Ah, the classic elevator pitch. It's a challenge every entrepreneur, marketer, and sales person must meet, and yet most do it poorly. The concept is simple: communicate what you do in the time it takes to ride an elevator from ground level until the door opens and you have to leave. Of course, those of us living in New York have the advantage of very tall buildings. Truthfully though, you have about 1--2 minutes to leave an impression powerful enough to get someone to continue the conversation after exiting.
Everyone needs a simple and compelling way to explain what they do. It's the key to successfully prospecting networking events, chance meetings and parties for new business. But unfortunately the way most people explain themselves comes off self indulgent and boring resulting in wasted conversations and fruitless encounters.
Here is the typical wrong way:
Hi, my name is Frank Smith and I am the CEO of Smith Marketing Services. We help companies grow and we give great customer service. Do you have any marketing needs?
The people on the receiving end may or may not think they need a marketing company. Most likely, they are only thinking about what they are going to pitch to you. This pitch does nothing to compel people to engage further, only to continue the conversation in hopes you want to buy what they are offering. Ultimately everyone's time is wasted.
A powerful elevator pitch, however, communicates a compelling value proposition that attracts customers predisposed to buy. It can help you efficiently weed through a large group, stopping only for meaningful conversations with real potential customers. Here is a step-by-step process on how it's done:
Step 1--Connect with Empathy
Create a specific pain statement for the customers you want. You really only want to talk to people who are willing to pay for the problem you solve. Otherwise you are wasting your time and effort. For example:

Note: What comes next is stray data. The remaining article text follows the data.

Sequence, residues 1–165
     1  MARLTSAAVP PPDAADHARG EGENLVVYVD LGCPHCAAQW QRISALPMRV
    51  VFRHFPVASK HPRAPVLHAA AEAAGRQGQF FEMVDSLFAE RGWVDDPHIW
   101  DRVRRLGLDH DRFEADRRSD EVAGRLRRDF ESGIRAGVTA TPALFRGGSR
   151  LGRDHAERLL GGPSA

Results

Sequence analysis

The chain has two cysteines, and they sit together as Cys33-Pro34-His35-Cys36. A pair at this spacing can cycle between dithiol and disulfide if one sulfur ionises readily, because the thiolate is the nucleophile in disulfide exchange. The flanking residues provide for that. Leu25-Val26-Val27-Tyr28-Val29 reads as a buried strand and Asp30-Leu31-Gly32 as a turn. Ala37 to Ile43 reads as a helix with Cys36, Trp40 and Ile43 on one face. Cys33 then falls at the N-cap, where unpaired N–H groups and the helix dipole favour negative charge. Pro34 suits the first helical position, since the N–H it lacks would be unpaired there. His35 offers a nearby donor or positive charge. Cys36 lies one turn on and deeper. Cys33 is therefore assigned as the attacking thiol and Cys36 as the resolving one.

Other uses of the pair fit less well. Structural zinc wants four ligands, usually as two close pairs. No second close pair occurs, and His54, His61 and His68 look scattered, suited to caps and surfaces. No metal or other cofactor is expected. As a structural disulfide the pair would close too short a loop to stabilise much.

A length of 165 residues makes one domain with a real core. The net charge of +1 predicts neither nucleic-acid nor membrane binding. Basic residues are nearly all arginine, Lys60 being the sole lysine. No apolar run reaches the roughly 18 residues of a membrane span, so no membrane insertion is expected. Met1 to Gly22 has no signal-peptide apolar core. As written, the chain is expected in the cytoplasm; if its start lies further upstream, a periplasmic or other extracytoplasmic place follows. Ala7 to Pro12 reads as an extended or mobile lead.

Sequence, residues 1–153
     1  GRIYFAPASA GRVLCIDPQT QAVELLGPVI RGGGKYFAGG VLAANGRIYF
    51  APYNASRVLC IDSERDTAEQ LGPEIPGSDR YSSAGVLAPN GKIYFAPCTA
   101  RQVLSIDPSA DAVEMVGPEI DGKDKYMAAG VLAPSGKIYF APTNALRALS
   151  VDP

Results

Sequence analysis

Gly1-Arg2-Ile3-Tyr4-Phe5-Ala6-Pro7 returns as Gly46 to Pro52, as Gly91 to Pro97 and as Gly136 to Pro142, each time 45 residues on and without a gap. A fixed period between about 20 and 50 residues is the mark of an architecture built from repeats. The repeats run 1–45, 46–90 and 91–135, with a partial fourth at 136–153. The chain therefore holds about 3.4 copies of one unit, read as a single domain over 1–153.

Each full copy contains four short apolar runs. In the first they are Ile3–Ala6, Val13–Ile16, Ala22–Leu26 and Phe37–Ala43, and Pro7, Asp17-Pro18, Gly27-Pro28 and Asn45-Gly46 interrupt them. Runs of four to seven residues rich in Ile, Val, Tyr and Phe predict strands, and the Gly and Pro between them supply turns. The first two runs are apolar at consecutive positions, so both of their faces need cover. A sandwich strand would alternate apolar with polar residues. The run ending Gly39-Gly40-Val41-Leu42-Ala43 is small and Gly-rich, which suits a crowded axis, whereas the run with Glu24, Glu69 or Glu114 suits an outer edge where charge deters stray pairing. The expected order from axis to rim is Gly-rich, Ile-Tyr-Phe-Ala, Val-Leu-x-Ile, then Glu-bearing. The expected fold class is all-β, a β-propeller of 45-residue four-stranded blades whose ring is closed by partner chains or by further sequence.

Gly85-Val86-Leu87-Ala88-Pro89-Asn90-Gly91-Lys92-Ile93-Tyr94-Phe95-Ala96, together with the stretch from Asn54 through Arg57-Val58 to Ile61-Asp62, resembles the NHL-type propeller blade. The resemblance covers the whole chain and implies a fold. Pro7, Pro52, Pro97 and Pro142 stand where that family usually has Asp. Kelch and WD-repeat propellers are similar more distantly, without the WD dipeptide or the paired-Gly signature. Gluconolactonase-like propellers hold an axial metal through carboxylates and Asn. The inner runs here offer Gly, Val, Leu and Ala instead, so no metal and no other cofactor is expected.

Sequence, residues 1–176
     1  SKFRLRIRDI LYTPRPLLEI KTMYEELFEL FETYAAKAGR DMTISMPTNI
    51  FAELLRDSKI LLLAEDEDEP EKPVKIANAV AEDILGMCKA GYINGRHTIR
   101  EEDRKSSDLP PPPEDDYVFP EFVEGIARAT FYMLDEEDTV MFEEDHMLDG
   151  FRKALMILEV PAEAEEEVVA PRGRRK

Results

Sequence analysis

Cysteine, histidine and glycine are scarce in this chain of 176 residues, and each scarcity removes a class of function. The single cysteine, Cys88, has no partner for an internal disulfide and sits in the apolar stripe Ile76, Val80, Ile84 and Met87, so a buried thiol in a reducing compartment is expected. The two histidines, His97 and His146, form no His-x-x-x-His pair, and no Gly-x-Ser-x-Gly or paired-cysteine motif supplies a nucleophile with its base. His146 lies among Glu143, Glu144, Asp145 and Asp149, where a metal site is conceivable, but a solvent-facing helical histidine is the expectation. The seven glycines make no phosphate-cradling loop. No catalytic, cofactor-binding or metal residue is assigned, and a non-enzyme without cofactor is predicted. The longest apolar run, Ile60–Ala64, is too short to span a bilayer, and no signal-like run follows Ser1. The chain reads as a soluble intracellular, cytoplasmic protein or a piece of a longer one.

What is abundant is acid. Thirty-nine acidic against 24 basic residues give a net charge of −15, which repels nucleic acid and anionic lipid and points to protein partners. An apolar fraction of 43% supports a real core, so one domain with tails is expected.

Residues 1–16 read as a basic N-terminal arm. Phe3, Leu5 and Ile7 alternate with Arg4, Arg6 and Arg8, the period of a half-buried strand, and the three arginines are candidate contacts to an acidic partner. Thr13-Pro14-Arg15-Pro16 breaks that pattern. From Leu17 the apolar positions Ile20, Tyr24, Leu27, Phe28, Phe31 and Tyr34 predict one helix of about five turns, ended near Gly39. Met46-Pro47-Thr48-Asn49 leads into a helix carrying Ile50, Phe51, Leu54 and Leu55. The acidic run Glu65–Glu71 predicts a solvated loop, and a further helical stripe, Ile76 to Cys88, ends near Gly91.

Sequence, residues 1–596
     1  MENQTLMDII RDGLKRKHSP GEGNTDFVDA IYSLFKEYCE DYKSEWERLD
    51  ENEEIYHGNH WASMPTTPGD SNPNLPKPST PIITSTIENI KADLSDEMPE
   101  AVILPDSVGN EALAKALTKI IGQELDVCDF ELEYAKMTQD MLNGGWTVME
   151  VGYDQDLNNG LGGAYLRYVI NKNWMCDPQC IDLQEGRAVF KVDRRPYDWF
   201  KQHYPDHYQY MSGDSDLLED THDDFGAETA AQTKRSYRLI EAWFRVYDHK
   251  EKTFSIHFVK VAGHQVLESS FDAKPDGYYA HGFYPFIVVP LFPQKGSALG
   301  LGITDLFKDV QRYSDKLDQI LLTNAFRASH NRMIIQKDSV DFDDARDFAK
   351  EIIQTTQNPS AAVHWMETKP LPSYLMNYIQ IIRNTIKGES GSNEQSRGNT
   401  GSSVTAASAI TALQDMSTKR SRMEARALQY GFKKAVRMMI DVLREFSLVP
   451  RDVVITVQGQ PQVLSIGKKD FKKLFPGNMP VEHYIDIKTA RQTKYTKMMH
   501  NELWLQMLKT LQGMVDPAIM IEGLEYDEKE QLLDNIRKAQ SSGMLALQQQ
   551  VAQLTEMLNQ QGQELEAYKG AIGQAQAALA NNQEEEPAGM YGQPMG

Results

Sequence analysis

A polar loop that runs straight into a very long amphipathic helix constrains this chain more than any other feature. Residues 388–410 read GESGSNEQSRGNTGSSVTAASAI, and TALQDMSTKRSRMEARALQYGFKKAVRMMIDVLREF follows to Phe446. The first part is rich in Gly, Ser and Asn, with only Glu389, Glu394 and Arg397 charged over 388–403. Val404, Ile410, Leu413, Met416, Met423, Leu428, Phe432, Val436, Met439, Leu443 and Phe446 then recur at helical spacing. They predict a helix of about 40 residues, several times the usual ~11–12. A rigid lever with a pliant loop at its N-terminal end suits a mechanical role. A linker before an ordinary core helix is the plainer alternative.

You know how growing companies with revenue over $5,000,000 struggle with getting sales people to say the same thing, let alone the right thing? Often they grow on the sales ability of the entrepreneur, never putting efficient marketing systems in place; then they hit a plateau and can't scale.
If the people hearing this don't get it or know someone who would, they can answer no and you can move on, having wasted less than 20 seconds. But if their company is suffering from the issue you outlined you'll be able to witness their face drop as they identify painfully with the scenario. Now you immediately look smart and empathetic as they affirm that the picture you painted is terrible and frustrating. You have gained their attention.
Step 2--Offer an Objective Solution
So now they are listening and they just got vulnerable. No need to put them on the defensive. They are thinking you might be pretty smart and insightful. Don't prove them wrong by trying to close just yet. Continue showing them how smart you are by offering up an objective solution to their issues. Begin with the entrepreneurial mantra: Wouldn't it be great...? For example:
Wouldn't it be great if there were a company that could design and implement comprehensive marketing that makes your sales process efficient and lets your salespeople close more deals?
If people don't respond positively to this statement then they weren't really connecting in Step 1 and you can dump the conversation having only wasted 30 seconds total. Those who connect should be now hanging on every word and nodding their heads, thankful that someone finally gets their frustration.
Step 3--Provide Differentiation
Now they are 90% there. The best way to close is by explaining why only you are the best to provide the solution they need. You have to ready a couple of points that truly differentiate you from your competition. Note that "Experience" or "Great Customer Service" won't make you stand out since all of your competitors claim the same even if it's not true. A true differentiator is something your competitor can't do or won't do without great effort or expense. Here's the finish:
My company uses proven project management and storytelling techniques honed from our background in theater. Additionally we use proprietary processes outlined in my #1 bestselling marketing books and my national column on Inc.
Perhaps I could send you a link to my column or a couple of chapters from my books?
If they say no, you only wasted 1 minute. If they say yes, you have succeeded in starting a conversation that may lead to business. The last line is incredibly important because it gives you permission to get their email and pursue a relationship. Even if you aren't a writer, have compelling content like white papers, videos or blog posts ready to email and support your pitch as promised. That way you won't have to carry a ton of collateral into every elevator.
Like this post? If so, sign up here and never miss out on Kevin's thoughts and humor.